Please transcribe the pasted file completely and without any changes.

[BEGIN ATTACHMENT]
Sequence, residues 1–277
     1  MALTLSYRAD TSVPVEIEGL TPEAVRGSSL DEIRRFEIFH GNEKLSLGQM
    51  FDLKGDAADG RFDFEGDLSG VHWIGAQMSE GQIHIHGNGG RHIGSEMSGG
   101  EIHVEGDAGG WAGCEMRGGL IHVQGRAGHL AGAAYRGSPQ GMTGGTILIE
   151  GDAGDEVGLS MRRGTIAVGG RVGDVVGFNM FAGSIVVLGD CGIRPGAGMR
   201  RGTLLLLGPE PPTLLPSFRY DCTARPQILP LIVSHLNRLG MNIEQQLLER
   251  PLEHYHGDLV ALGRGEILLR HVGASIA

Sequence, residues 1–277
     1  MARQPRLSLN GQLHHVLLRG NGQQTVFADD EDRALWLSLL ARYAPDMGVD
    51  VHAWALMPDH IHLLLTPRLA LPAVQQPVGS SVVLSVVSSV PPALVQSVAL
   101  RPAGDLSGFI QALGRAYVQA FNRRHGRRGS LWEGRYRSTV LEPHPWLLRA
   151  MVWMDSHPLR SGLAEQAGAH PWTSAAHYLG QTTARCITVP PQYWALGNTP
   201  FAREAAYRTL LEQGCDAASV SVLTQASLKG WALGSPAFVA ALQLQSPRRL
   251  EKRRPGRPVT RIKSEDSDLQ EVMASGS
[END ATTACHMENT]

Sequence, residues 1–277
     1  MALTLSYRAD TSVPVEIEGL TPEAVRGSSL DEIRRFEIFH GNEKLSLGQM
    51  FDLKGDAADG RFDFEGDLSG VHWIGAQMSE GQIHIHGNGG RHIGSEMSGG
   101  EIHVEGDAGG WAGCEMRGGL IHVQGRAGHL AGAAYRGSPQ GMTGGTILIE
   151  GDAGDEVGLS MRRGTIAVGG RVGDVVGFNM FAGSIVVLGD CGIRPGAGMR
   201  RGTLLLLGPE PPTLLPSFRY DCTARPQILP LIVSHLNRLG MNIEQQLLER
   251  PLEHYHGDLV ALGRGEILLR HVGASIA

Sequence, residues 1–277
     1  MARQPRLSLN GQLHHVLLRG NGQQTVFADD EDRALWLSLL ARYAPDMGVD
    51  VHAWALMPDH IHLLLTPRLA LPAVQQPVGS SVVLSVVSSV PPALVQSVAL
   101  RPAGDLSGFI QALGRAYVQA FNRRHGRRGS LWEGRYRSTV LEPHPWLLRA
   151  MVWMDSHPLR SGLAEQAGAH PWTSAAHYLG QTTARCITVP PQYWALGNTP
   201  FAREAAYRTL LEQGCDAASV SVLTQASLKG WALGSPAFVA ALQLQSPRRL
   251  EKRRPGRPVT RIKSEDSDLQ EVMASGS